Mandlikova had a career-high singles ranking of No. 3, and was ranked in the world top 50 for 12 consecutive seasons (1978–89), including seven in the top 10. She led Czechoslovakia to three consecutive Fed Cup titles from 1983–1985, and was only the third woman to win Grand Slam titles on grass, clay, and hard courts, joining Chris Evert and Martina Navratilova. She defeated both Evert and Navratilova on consecutive days to accomplish this feat at the 1985 US Open. She retired in 1990, and went on to coach Jana Novotná to the 1998 Wimbledon singles title and a career-high ranking of No. 2. She also served as the Czech Republic's Olympic and Fed Cup coach until 1996.Helen Wills
Helen Newington Wills (October 6, 1905 – January 1, 1998), also known as Helen Wills Moody and Helen Wills Roark, was an American tennis player. She became famous around the world for holding the top position in women's tennis for a total of nine years: 1927–33, 1935 and 1938. She won 31 Grand Slam tournament titles (singles, women's doubles, and mixed doubles) during her career, including 19 singles titles.
Wills was the first American woman athlete to become a global celebrity, making friends with royalty and film stars despite her preference for staying out of the limelight. She was admired for her graceful physique and for her fluid motion. She was part of a new tennis fashion, playing in knee-length pleated skirts rather than the longer ones of her predecessors. Unusually, she practiced against men to hone her craft, and she played a relentless game, wearing down her female opponents with power and accuracy. In 1933 she beat the 8th-ranked US male player in an exhibition match.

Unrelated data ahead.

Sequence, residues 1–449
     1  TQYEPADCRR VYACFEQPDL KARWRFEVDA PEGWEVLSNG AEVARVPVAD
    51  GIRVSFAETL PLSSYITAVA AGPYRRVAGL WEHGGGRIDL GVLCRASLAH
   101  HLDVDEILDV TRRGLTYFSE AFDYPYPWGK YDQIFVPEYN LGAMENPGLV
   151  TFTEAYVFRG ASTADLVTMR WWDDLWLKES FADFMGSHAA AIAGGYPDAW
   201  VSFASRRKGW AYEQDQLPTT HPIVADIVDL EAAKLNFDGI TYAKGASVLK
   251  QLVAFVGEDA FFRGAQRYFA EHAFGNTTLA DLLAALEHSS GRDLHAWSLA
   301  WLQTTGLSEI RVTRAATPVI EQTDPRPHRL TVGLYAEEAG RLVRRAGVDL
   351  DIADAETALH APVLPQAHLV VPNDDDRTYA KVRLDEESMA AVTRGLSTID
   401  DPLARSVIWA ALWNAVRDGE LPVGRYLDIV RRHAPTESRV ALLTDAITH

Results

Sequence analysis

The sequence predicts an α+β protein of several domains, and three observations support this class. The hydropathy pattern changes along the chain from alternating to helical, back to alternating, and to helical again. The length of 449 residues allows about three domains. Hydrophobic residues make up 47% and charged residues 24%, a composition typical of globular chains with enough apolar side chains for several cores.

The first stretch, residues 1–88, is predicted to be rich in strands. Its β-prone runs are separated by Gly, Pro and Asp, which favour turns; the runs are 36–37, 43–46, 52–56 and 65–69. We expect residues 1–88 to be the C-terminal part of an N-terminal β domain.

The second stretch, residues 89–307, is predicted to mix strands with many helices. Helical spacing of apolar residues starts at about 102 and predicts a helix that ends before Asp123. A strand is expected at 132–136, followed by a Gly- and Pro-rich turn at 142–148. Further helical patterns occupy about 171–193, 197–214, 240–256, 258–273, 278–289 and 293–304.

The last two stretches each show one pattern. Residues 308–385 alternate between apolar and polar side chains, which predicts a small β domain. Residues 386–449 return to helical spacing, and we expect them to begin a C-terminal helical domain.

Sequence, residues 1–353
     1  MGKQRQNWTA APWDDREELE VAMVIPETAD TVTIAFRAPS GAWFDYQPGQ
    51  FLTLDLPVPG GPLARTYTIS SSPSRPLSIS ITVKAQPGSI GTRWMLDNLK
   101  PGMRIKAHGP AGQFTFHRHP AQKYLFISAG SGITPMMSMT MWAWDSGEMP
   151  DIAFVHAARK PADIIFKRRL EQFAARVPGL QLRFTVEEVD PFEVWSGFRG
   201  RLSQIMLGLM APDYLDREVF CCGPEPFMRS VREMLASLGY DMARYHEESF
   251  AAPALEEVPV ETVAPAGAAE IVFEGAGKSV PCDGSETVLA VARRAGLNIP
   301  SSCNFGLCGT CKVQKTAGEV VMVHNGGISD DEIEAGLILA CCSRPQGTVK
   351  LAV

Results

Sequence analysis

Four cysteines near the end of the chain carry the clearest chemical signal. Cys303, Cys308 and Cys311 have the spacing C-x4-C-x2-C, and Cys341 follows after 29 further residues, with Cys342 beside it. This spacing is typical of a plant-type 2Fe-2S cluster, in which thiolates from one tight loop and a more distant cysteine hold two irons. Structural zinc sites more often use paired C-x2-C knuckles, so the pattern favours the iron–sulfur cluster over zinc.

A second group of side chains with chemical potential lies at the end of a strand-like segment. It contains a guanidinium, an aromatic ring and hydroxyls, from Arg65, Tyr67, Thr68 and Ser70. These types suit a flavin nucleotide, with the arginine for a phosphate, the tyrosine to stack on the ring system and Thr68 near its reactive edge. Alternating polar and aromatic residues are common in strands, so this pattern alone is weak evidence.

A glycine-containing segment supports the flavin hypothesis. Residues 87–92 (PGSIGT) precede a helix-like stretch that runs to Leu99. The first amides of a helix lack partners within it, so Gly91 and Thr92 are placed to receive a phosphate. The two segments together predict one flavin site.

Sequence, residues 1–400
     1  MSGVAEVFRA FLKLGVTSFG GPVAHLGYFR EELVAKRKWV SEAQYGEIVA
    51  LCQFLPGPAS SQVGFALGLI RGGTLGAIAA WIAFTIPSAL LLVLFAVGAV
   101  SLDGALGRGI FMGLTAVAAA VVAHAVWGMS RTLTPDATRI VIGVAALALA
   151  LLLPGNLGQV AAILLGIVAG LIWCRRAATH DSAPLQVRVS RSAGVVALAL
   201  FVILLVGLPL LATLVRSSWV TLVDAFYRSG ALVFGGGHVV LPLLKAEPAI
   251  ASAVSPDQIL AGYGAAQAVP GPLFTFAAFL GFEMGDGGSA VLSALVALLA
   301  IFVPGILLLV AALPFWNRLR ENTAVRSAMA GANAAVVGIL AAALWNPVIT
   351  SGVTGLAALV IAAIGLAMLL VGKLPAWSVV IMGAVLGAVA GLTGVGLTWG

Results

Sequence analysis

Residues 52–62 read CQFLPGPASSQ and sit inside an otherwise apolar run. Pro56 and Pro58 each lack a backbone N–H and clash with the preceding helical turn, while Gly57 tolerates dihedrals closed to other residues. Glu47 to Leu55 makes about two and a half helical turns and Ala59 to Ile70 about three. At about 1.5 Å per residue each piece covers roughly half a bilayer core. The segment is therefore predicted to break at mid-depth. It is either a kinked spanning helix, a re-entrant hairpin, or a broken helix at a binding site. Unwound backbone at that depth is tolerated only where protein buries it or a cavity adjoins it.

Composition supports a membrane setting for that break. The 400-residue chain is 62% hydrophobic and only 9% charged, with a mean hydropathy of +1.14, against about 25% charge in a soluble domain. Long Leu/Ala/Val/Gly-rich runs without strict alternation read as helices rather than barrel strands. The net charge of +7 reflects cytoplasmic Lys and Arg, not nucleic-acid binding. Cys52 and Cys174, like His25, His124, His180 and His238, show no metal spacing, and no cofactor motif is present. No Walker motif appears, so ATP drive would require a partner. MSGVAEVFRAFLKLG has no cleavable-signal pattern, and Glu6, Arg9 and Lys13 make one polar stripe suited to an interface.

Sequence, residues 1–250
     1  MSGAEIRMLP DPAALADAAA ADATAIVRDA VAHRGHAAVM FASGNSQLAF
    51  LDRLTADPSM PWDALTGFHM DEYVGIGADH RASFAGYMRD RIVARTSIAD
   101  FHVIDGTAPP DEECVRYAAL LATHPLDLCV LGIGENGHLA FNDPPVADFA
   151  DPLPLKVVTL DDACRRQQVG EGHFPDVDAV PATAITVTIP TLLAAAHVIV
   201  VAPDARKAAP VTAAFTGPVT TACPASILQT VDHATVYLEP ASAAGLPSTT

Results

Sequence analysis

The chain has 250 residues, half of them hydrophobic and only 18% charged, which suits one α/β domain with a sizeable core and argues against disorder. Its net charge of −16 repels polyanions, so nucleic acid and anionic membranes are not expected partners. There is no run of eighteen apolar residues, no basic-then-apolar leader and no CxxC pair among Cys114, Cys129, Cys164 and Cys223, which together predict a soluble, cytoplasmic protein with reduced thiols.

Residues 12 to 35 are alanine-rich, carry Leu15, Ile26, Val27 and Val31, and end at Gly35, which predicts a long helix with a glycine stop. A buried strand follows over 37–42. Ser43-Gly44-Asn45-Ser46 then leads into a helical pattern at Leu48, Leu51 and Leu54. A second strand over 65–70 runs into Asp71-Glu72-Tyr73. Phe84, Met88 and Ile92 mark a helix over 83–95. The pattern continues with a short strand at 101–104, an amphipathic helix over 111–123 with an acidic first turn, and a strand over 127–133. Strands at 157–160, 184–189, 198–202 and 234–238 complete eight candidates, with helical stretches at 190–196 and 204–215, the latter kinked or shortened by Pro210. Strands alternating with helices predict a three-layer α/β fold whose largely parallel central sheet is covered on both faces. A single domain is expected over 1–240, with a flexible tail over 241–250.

Her record of eight wins at Wimbledon was not surpassed until 1990 when Martina Navratilova won nine. She was said to be "arguably the most dominant tennis player of the 20th century", and has been called by some (including Jack Kramer, Harry Hopman, Mercer Beasley, Don Budge, and AP News) the greatest female player in history.List of tennis violations
This is a list of tennis violations that have occurred by professional tennis players in tournaments.
When a player violates a rule or does not follow the tennis code of conduct, the umpire or tournament official can issue one of the following:
Losing a point
Losing a game
DisqualificationLos Angeles Times
The Los Angeles Times (sometimes abbreviated as LA Times or L.A. Times) is a daily newspaper which has been published in Los Angeles, California, since 1881. It has the fourth-largest circulation among United States newspapers, and is the largest U.S. newspaper not headquartered on the East Coast. The paper is known for its coverage of issues particularly salient to the U.S. West Coast, such as immigration trends and natural disasters. It has won more than 40 Pulitzer Prizes for its coverage of these and other issues. As of June 18, 2018, ownership of the paper is controlled by Patrick Soon-Shiong, and the executive editor is Norman Pearlstine.In the nineteenth century, the paper was known for its civic boosterism and opposition to unions, the latter of which led to the bombing of its headquarters in 1910. The paper's profile grew substantially in the 1960s under publisher Otis Chandler, who adopted a more national focus. In recent decades, the paper's readership has declined and it has been beset by a series of ownership changes, staff reductions, and other controversies. In January 2018, the paper's staff voted to unionize, and in July 2018 the paper moved out of its historic downtown headquarters to a facility near Los Angeles International Airport.Matthew Shepard